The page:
Israel names fifth suspect in major antiquities fraud case

jerusalem (ap) | The former head of the antiquities laboratory at the prestigious Israel Museum is the fifth suspect in a sophisticated forgery ring that allegedly produced a treasure trove of fake Bible-era artifacts, a government official and museum spokeswoman said last week.

The ring has been accused of forging what had been heralded as perhaps the two biggest biblical discoveries in the Holy Land in recent years — the purported burial box of Jesus’ brother James and a stone tablet with written instructions by King Yoash on maintenance work at the Temple.

Justice Ministry spokesman Uri Steinberg named the suspect as Rafael Braun. He said he was the fifth person appearing on an indictment that was handed down by a Jerusalem court last week.

Braun’s name was withheld during a five-day effort by the court to track him down, Steinberg said.

A court official could not say whether Braun had been located.

An Israel Museum spokeswoman confirmed that Braun was employed at the museum as the head of the antiquities laboratories, but he left in the late 1970s or early 1980s.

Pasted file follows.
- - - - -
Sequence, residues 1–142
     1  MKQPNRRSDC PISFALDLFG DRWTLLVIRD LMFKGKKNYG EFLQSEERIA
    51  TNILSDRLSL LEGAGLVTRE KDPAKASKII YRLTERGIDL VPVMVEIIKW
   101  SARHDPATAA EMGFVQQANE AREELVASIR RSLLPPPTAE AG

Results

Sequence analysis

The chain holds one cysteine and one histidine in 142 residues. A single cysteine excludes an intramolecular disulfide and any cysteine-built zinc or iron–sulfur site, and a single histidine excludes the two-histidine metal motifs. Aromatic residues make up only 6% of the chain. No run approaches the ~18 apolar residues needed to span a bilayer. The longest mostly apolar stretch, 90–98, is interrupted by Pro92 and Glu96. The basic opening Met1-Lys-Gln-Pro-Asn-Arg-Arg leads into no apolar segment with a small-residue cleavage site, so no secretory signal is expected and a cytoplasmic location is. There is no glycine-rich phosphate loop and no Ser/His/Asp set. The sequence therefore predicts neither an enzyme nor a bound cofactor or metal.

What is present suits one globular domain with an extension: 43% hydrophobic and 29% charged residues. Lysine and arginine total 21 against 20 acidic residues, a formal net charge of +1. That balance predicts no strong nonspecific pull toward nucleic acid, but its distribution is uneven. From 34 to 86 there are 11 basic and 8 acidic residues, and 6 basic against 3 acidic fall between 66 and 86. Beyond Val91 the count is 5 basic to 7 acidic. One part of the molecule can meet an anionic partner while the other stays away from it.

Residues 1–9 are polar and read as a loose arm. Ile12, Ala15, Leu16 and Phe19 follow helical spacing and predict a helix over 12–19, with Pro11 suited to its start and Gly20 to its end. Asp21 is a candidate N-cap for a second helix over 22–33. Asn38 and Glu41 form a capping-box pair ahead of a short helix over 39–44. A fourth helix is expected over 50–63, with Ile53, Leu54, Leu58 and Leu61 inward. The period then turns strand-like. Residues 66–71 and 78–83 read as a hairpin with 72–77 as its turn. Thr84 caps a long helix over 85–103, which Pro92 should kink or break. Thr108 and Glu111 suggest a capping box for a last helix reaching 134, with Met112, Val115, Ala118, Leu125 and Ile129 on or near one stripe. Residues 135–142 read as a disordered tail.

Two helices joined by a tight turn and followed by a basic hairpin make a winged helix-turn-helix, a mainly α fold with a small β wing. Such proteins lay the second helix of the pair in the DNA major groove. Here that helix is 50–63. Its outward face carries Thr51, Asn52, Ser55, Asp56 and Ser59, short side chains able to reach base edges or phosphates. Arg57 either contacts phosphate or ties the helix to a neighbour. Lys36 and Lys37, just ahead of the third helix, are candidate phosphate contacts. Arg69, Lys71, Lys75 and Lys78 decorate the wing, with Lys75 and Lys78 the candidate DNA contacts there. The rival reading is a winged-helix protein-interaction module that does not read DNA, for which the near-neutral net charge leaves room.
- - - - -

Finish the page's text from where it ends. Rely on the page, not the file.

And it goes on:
Speaking on condition of anonymity, an Israeli antiquities expert said Braun was living in Switzerland, where he worked as an antiquities restorer.

The indictment accused Braun and antiquities collector Shlomo Cohen of attempting to forge an inscription on an ostracon — a fragment of limestone pottery — from the period of the kingdoms of Judea, which lasted from the 10th to sixth century B.C.

Beside Braun and Cohen, the Israeli accused three other men in the antiquities frauds — Tel Aviv collector Oded Golan; Robert Deutsch, an inscriptions expert who teaches at Haifa University; and antiquities dealer Faiz al-Amaleh.